Understanding and complying with local business regulations is crucial, and because there are so many, it may be quite difficult for new business owners to research and adhere to all the rules. Whether your business dealings are interstate or outside the borders of the country, you’re purchasing or selling property outside the state, or you’re paying taxes, you need to be careful and ensure that you are not breaking the law in any region. Along with his/her legal expertise, a business lawyer can do the research for you, save you a lot of time, warn you if there are any discrepancies, and save you numerous financial hassles.

Businesses also require expertise and talent from other countries. In such cases, business and immigration laws go hand in hand. Understanding immigration laws allow businesses to hire people overseas as well as have employees visit various branches to contribute to particular projects. A legal expert will know how to best go about this without breaking any federal laws or overstepping any boundaries. Such a professional also ensures the safety of your employees, who trust you as a business owner, in order to keep them away from legal harm.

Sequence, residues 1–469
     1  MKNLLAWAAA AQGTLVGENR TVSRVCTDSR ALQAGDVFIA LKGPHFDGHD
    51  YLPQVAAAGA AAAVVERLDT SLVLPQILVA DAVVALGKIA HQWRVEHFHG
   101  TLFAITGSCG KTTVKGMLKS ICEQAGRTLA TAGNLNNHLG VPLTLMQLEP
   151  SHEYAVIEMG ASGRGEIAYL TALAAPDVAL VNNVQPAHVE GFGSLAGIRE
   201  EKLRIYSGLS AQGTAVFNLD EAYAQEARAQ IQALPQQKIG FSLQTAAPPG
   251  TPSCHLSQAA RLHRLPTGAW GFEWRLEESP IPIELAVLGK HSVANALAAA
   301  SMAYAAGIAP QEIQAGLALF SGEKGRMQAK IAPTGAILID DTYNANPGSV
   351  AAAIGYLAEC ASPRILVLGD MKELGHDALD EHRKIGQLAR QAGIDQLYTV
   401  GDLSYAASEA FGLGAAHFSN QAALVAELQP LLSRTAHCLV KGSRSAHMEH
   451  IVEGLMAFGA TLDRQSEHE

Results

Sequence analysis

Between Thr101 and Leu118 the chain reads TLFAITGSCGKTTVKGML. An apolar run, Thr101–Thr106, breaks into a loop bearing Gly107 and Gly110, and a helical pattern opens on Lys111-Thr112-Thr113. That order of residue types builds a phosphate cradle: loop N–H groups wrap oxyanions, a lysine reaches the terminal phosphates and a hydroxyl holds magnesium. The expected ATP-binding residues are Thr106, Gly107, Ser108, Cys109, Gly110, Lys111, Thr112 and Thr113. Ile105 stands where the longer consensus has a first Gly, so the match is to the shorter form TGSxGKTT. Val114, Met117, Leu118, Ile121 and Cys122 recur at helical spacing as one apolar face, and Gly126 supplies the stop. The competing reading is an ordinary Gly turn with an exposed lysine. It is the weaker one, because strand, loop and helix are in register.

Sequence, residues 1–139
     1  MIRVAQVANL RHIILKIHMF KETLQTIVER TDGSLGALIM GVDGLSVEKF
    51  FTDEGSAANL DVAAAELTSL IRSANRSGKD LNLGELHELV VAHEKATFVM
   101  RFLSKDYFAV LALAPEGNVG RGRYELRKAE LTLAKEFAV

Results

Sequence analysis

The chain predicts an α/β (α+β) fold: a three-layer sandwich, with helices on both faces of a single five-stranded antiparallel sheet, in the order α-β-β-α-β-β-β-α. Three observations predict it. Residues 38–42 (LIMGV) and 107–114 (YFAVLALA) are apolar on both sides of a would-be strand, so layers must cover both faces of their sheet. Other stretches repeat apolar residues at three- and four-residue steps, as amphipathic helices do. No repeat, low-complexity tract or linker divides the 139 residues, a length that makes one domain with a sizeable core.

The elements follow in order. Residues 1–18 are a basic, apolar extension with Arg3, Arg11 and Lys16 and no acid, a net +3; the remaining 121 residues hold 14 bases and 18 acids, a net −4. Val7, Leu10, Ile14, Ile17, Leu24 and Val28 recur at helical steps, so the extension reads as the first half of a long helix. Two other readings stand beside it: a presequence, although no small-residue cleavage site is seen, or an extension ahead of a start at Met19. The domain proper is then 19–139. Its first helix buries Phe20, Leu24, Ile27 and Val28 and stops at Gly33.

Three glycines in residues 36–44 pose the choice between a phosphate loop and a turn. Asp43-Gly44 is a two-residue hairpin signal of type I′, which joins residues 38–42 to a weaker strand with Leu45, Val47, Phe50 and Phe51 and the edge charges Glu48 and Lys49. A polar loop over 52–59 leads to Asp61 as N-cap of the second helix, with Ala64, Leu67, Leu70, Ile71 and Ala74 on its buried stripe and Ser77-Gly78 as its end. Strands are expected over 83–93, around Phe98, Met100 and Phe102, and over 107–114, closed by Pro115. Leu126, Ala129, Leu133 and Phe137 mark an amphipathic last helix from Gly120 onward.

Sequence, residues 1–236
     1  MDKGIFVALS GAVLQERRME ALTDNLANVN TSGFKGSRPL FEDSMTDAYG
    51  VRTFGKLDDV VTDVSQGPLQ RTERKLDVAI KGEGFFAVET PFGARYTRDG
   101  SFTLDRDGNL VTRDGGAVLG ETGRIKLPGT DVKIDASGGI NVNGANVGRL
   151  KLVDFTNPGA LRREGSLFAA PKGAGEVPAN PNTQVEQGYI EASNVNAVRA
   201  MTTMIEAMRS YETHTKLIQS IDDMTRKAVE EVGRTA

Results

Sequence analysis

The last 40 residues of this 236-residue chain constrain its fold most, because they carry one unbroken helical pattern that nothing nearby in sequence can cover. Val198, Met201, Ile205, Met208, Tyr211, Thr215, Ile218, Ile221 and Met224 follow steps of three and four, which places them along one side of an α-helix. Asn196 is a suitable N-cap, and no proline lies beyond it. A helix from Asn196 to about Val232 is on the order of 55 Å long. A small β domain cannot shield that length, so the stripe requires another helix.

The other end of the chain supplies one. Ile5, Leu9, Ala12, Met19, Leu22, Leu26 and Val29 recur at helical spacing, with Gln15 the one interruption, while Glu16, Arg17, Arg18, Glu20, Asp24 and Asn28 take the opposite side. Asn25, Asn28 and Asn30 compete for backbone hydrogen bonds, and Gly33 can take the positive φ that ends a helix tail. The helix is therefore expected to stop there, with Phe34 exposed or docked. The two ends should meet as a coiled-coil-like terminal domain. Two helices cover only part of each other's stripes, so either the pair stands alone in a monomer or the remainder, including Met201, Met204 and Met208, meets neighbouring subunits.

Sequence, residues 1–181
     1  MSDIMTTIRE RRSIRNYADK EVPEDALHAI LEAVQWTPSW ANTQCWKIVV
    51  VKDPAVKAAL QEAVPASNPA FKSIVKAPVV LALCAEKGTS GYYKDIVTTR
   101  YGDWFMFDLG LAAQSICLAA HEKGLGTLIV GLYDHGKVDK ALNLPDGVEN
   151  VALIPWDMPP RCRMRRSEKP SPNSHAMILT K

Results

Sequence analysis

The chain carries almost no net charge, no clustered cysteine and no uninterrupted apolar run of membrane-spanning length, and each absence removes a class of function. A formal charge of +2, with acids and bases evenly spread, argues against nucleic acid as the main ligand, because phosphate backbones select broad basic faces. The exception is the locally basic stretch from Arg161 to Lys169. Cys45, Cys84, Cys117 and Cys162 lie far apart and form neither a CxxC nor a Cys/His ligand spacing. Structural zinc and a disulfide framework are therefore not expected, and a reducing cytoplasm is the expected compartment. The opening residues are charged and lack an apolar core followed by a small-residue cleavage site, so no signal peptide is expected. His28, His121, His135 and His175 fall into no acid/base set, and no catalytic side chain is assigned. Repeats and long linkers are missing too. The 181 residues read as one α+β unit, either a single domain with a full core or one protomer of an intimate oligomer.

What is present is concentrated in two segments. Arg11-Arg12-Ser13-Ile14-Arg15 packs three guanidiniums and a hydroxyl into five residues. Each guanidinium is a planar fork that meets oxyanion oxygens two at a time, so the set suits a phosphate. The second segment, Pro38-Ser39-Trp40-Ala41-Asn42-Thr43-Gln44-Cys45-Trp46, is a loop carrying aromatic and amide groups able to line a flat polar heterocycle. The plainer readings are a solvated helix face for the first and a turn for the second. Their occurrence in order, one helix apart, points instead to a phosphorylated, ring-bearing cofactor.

Drafting of Contracts

Businesses require contracts at every stage of functioning. It is wise to not do any work without a formal contract between the two parties, be it clients, employees, or business associates. Legal experts have a sound knowledge of all that must be included in contract drafts and negotiations. They often have templates that can be used, as well. However, these obviously need to be edited to suit the requirements of one particular business. It is best to leave the nitty-gritty to a business lawyer and focus on areas that need your attention.

Employee Issues

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Whether it is the hiring process, rules of payment, employee compensation, or the process of letting people go, a legal expert can prevent issues with employees by laying down all the required rules and regulations for a smooth hiring and firing process and keep you safe from expensive lawsuits.